Tests for conformation of its presence include an aqueous solution (1:1000) has a purple blue color. A 1:100 sulfuric acid solution of they dye presents a dense purple color, and when 2-3 drops of this solution is added to 5 ml of water, a purple blue color is produced. Additionally, when 0.1 g of the dye is dissolved in 500 ml of an ammonium acetate solution (3:2000) and 3 ml of this solution is brought to 100 ml with additional ammonium acetate, the resulting solution has a maximum absorption at wavelengths 610-614 nm.

Further, the dye must be of a purity to be not more than 0.20% water-insoluble, as determined by the tar pigment method. There can be no more than 7.0% chlorides and sulfates, not more than 500 microgram per gram of Fe, not more than 20 microgram per gram of Pb, not more than 4.0 micrograms per gram of As2 O3, and other pigments cannot comprise more than 10.0% by dry weight, all determined by the tar pigment test method.

This is an indigoid pigment discovered by Barth in 1740. It was designated as a food additive on Jul. 13, 1948 under Ordinance No. 23 of the Ministry of Health and Welfare. Since a granule form has been newly produced thereafter, "powder" in the description of the nature of the dye has been changed to "powder or particle" on Jul. 15, 1964. The pigment number of this dye is C.I. 73015, C.I. Food Blue 1, Schultz 1309, E 132. It is known as FD & C Blue No. 2 in the United States, and as indigo carmine, and indigotine. The existing law which governs this chemical is the Law for Regulation of Examination, Production, and the like of Chemicals number 5, Organic Heterocyclic Low Molecular Weight, Article 1650. Food Blue No. 2 satisfying these above-described criteria can be used in the preferred embodiment of the present invention.

In the aqueous ink composition of the present invention, a solvent described in the Japanese Standards for Food Additives (Tokyo, Ministry of Heath and Welfare, sixth edition) should be used. The solvent functions to enhance resistance to contamination and to increase preservative stability. Additionally, solvent is used when the desired dye does not sufficiently dissolve in water to be produce an efficient ink.

Typical examples of the solvents include glycerin, D-sorbitol and propylene glycol, and they may be used singly or in combinations of two or more.

Propylene glycol for use in the preferred embodiment of the present invention is described in the Japanese Standards for Food Additives (Tokyo, Ministry of Health and Welfare, sixth edition). The formula for propylene glycol is as follows: ##STR5## It must contain not less than 98.0% propylene glycol (C3 H8 O2 ; M.W. 76.10), and is colorless, transparent, and viscous liquid, having no odor and a slight bittersweet taste.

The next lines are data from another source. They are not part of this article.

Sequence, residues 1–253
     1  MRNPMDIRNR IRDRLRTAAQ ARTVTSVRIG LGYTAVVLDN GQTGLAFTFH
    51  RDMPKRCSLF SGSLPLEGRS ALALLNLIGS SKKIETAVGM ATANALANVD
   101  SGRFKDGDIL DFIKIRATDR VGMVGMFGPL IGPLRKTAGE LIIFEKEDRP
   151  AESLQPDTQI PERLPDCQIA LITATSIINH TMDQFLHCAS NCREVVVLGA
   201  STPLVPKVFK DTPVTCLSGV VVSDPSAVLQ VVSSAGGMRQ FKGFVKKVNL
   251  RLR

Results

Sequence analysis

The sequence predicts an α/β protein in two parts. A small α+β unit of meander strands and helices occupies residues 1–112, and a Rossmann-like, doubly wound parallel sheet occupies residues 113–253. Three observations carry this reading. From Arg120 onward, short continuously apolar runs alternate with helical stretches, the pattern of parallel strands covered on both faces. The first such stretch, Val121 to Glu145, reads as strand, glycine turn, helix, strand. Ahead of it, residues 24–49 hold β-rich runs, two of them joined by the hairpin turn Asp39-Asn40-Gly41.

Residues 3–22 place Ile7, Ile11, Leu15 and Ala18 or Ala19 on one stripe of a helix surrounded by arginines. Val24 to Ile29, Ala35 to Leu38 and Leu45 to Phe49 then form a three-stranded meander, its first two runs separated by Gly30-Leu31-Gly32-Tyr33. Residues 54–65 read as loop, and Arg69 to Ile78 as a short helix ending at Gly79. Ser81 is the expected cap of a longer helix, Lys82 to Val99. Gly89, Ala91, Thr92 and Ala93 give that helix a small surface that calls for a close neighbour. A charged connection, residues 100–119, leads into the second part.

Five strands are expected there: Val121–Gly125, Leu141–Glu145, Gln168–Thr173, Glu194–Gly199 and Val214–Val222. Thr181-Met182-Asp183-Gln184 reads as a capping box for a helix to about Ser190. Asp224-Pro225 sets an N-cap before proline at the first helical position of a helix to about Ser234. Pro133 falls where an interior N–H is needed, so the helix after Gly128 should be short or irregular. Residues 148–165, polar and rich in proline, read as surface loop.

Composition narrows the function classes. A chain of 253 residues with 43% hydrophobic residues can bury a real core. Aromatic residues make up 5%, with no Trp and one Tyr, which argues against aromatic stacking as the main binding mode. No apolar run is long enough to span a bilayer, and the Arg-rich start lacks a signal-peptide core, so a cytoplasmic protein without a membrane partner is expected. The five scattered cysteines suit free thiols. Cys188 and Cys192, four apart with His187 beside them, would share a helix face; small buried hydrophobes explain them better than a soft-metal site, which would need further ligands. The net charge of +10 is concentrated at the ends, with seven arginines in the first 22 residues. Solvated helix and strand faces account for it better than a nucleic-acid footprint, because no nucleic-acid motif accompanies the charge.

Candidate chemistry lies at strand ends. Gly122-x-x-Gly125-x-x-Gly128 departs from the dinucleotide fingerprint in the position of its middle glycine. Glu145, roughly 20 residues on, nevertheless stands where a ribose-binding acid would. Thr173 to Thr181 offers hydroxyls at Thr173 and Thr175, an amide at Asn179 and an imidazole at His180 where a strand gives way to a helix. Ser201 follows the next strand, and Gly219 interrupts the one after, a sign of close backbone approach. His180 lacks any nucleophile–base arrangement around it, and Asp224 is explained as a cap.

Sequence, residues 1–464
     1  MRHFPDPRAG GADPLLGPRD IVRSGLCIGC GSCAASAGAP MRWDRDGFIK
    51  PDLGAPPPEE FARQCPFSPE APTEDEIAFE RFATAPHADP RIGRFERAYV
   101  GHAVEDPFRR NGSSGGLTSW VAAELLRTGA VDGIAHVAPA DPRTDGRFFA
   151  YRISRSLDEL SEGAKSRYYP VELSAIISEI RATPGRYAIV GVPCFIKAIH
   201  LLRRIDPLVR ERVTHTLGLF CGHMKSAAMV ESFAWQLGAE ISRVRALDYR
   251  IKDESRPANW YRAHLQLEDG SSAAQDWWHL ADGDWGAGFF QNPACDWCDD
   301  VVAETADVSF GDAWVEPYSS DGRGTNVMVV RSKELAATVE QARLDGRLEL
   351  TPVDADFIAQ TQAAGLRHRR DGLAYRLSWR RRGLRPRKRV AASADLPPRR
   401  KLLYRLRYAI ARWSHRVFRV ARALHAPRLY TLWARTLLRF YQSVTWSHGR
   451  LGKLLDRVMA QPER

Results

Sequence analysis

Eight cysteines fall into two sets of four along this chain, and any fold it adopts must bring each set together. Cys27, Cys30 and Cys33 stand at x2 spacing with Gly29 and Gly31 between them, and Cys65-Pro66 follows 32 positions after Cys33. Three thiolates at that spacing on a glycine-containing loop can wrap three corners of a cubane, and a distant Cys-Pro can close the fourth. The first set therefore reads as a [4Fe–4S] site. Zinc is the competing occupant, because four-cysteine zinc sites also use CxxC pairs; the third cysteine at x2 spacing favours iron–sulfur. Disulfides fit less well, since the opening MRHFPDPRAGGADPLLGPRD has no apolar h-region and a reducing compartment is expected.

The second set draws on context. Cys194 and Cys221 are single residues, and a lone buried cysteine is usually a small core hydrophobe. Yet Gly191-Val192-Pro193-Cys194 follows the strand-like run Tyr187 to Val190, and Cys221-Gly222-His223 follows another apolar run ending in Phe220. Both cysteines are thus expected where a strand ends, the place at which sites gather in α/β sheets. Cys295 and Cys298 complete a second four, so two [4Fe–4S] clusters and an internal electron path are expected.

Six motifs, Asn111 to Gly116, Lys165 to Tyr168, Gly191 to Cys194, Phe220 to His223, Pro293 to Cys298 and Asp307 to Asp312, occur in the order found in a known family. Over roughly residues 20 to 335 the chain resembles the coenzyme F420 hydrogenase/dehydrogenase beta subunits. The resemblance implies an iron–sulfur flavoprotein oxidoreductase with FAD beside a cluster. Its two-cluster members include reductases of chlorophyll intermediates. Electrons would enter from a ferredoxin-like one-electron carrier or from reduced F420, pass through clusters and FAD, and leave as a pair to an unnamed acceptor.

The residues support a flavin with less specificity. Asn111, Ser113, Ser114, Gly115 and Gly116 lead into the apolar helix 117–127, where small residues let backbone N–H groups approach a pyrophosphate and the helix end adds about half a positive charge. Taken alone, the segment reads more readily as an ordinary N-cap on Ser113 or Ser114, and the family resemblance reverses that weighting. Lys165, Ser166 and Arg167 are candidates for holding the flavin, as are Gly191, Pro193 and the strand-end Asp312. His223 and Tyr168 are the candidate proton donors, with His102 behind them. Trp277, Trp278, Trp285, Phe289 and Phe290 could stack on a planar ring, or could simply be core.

A test for its presence includes adding 0.6 g of potassium hydrogensulfate to 1 ml of this article and heating, such that an odor like fruit is produced. Additionally, two or three drops of propylene glycol are incorporated into 0.7 g of tripheylcholormethan, 1 ml pyridine is added, and heated for 1 hour in a water bath using a reflux cooler. After cooling, 20 ml of acetone is added, warmed and dissolved. 0.02 g of activated carbon is added, shaken and mixed followed by filtration, and dried in a desiccator for 4 hours. The melting point thus obtained is 174-178 C.

The additive must be of the purity to have a specific gravity of 1.036-1.040 and not less than 95% v/v will fractionate at 185-189 C. A test for free acid includes adding 1 ml of phenolphthalein to 50 ml of water, to which a sodium hydroxide solution (1:2500) is added until the liquid presents a vermilion color which continues for 30 seconds. 10 ml of this article is weighed, added, and incorporated. When 0.20 ml of a 0.1N sodium hydroxide solution is subsequently added, the liquid present a vermilion color which continues for not less than 30 seconds.

Not more than 10 microgram per gram can be Pb, not more than 4.0 microgram per gram can be As2 O3, the water content of 10 g can be no more than 0.20%, and residual matter after vigorous heating can be no more than 0.05%.